The American Nurses Association (ANA) released new findings from a nationwide COVID-19 survey that indicate personal protective equipment (PPE) shortages persist and reuse practices for single-use PPE are on the rise, despite a lack of standard practices and evidence of safety.
More than 21,000 U.S. nurses working across many healthcare settings responded to ANA’s latest survey. According to the new findings, 42% of nurses say they are still experiencing widespread or intermittent PPE shortages. Findings on PPE reuse and decontamination showed little improvement. Over half of nurses (58% [+15% from May]) report that they are re-using single-use PPE, like N95 masks, for 5 or more days, and 68% say reuse is required by their facility’s policy. The decontamination of N95 masks is a practice that 38% of nurses say continues. In accordance with the Centers for Disease Control and Prevention, ANA does not support the use of decontamination methods as a standard practice.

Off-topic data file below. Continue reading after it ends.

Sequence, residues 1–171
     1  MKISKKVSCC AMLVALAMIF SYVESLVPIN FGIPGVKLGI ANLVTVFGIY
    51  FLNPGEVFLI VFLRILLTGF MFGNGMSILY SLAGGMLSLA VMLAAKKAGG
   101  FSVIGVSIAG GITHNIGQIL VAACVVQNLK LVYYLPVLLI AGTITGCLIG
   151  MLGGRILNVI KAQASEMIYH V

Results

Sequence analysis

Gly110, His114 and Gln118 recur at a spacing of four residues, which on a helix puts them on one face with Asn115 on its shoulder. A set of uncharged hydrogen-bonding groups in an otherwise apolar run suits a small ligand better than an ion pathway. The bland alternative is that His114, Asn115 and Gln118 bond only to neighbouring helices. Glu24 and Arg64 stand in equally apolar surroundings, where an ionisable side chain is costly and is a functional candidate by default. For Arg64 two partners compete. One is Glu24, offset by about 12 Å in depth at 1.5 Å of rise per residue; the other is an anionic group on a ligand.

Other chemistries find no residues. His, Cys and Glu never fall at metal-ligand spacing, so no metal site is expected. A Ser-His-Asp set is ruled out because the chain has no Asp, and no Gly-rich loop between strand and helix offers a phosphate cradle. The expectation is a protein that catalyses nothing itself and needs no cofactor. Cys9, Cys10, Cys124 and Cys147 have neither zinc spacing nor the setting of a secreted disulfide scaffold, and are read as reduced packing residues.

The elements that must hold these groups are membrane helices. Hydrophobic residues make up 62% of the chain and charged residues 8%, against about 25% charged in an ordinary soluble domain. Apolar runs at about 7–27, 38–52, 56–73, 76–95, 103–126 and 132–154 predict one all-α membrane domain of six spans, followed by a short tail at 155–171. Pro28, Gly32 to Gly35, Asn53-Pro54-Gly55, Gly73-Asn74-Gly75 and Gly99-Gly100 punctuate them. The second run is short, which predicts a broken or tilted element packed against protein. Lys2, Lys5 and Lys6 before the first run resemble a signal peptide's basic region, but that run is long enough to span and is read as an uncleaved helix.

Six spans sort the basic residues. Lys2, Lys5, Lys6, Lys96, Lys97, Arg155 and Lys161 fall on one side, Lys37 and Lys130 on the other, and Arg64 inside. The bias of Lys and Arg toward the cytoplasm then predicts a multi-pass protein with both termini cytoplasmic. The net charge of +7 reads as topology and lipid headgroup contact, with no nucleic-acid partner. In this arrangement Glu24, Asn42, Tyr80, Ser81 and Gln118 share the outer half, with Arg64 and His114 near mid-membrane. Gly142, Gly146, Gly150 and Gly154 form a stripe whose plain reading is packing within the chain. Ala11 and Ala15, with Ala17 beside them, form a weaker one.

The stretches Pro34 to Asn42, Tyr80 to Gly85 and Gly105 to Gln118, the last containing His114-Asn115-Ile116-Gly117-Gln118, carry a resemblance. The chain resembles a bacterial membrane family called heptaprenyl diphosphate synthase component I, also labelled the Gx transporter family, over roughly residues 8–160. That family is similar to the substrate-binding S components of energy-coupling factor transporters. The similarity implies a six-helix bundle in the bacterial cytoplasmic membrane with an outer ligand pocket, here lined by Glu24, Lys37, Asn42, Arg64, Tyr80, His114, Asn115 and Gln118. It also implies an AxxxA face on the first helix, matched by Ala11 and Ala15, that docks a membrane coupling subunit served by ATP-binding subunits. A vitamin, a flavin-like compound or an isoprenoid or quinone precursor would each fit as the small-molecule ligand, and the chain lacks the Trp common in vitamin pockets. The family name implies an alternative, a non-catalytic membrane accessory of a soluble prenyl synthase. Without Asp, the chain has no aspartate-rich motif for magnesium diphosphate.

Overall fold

“Reuse and decontamination of single-use PPE as the ‘new normal’ is unacceptable given the lack of standards and evidence of safety,” said ANA President Ernest Grant, PhD, RN, FAAN.
Over half of nurses (53%) say that re-using and decontaminating masks makes them feel unsafe.
“These practices contribute to nurses’ burden of mental and emotional stress,” Grant said. “I am deeply distressed that nurses feel unsafe when they are working around the clock to care for patients, educate the public, and protect themselves and their families. We must and we can do better.”
ANA remains committed to supporting and advocating for nurses during this unprecedented global pandemic.
Data were collected between July 24 and August 14, 2020; 21,503 nurses responded. View results online here.